M: In “real life” you are a psychologist. How has that helped you with your writing?

A: I'm empathic by nature, so psychology works well for my day job. Empathy also helps me step into my characters' shoes and really understand them. I find ideas everywhere, so I'd be lying if I said that the germ of a few things didn't spring from my work. But translating psychological theory into character traits could only be a starting place; otherwise, it would lead to two-dimensional characters. Freud got it right, when he said "Everywhere I go, I find a poet has been there before me."

M: What are your writing habits?

A: I try to write every morning, but I'm lucky if I can get in 4 – 5 days a week. Consistency is key. I was lucky with Wyndano's Cloak. Most of the first draft was written on Caltrain. The ride was 75 minutes one-way. The sounds of the train and the babble of commuters triggered the writing mode. As soon as I settled into my seat, everything faded, and I slipped into the world of Aerdem. The twenty-minute walk to work gave me time to think about lines of description or dialogue. Moving away from that train was the biggest blow to my writing!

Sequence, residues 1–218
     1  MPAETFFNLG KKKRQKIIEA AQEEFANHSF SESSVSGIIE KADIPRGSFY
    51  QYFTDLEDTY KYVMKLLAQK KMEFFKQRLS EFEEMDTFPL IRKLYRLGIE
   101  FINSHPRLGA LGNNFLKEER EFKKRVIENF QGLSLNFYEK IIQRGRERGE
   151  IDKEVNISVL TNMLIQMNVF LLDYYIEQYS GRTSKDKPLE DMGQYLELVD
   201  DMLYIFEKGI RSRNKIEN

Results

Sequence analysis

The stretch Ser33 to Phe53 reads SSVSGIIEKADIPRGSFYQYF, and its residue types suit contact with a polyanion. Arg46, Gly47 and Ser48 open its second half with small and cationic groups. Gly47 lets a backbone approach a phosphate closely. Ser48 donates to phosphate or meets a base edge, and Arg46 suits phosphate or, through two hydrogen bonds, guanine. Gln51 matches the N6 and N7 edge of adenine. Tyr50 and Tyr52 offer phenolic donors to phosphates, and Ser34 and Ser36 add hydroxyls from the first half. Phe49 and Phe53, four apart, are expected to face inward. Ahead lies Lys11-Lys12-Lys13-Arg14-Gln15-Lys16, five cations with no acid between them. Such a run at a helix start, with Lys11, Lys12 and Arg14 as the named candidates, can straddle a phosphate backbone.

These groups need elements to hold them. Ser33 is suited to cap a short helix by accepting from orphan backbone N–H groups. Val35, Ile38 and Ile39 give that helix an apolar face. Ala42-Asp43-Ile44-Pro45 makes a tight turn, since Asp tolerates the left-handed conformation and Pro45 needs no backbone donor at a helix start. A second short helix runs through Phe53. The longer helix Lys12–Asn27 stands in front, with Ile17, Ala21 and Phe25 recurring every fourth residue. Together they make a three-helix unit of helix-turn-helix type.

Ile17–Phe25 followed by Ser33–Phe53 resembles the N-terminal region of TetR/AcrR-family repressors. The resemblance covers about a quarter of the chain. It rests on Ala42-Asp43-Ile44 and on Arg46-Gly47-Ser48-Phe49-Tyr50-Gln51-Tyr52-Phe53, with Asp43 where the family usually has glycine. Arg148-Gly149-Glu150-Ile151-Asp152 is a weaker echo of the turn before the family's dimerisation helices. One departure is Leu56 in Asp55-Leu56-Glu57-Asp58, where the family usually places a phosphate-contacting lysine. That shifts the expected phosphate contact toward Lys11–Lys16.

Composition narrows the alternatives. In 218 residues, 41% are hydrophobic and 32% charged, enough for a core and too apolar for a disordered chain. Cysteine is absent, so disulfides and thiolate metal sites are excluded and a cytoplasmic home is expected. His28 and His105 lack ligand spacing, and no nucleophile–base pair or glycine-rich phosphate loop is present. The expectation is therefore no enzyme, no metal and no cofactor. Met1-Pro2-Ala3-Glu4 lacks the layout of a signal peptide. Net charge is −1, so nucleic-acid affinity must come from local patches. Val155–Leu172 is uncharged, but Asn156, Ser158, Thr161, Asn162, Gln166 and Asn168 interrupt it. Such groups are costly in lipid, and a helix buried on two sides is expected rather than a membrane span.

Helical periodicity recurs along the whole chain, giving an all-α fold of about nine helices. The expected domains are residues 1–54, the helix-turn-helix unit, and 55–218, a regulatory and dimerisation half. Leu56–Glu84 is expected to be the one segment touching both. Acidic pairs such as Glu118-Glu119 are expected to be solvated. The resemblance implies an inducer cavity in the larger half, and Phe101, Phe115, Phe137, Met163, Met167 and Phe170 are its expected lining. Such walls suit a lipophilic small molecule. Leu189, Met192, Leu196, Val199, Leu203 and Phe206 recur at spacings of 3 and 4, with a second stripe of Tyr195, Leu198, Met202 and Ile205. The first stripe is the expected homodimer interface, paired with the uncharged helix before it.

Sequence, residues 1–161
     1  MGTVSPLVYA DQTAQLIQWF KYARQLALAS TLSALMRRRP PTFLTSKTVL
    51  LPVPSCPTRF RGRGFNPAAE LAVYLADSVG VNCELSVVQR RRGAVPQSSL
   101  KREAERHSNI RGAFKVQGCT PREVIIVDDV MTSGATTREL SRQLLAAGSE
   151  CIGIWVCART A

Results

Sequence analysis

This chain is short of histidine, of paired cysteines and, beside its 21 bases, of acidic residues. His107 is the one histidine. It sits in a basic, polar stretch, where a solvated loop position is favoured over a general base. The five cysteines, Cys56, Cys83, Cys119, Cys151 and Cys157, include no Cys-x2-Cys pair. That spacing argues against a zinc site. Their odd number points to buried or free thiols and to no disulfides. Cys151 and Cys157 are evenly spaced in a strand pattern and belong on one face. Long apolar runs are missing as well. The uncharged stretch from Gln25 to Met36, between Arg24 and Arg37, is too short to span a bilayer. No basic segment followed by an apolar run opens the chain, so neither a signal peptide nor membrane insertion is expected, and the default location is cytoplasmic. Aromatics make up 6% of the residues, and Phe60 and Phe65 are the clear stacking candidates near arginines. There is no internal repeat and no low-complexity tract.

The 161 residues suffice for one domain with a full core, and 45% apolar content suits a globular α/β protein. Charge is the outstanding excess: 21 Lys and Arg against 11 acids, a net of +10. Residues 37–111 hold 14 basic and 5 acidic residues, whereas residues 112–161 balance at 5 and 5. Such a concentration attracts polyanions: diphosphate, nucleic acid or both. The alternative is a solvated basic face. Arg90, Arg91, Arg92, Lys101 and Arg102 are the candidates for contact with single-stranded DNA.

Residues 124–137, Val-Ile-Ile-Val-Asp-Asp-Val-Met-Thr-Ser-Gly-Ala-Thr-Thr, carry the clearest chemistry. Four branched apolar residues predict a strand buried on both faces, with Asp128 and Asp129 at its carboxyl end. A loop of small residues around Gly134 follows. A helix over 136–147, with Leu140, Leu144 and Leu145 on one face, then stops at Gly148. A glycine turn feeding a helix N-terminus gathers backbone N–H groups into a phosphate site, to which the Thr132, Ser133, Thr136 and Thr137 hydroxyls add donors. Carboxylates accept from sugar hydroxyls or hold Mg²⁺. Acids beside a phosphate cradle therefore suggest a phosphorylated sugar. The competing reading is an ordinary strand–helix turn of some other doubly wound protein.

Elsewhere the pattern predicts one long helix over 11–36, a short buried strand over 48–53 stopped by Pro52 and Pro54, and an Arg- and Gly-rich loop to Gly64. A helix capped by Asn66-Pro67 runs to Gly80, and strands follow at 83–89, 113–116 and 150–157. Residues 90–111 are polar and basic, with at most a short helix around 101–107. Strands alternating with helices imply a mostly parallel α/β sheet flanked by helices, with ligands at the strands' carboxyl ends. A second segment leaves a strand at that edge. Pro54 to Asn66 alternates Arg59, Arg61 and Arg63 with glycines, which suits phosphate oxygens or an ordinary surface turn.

M: Anything upcoming? 

A: I'm incubating some ideas for a sequel to Wyndano's Cloak. Meanwhile, I'm working on something very different, an allegory set in a mythic past.

M: Is Wyndano's Cloak available in eBook?

A: Wyndano's Cloak is being released for Kindle. ePub and iBook formats will be out shortly, and will be announced on my website and eNewsletter.

M: How can readers contact you?

A:  My email is on my website,

M:  Thank you very much, and good luck with Wyndano’s Cloak, and I’ll be sure to post something when it becomes available on Kindle.

A:  You are welcome, thanks for having me.


  1. Thanks, Mike, for this opportunity to be on your wonderful site. It's a great resource for writers, and also for readers looking for new, exciting voices in literature!

    Best Wishes,
    Writing as A. R. Silverberry

  2. Great interview. I love this: "I wanted to write a story that helps them feel capable of facing our complex and sometimes frightening world."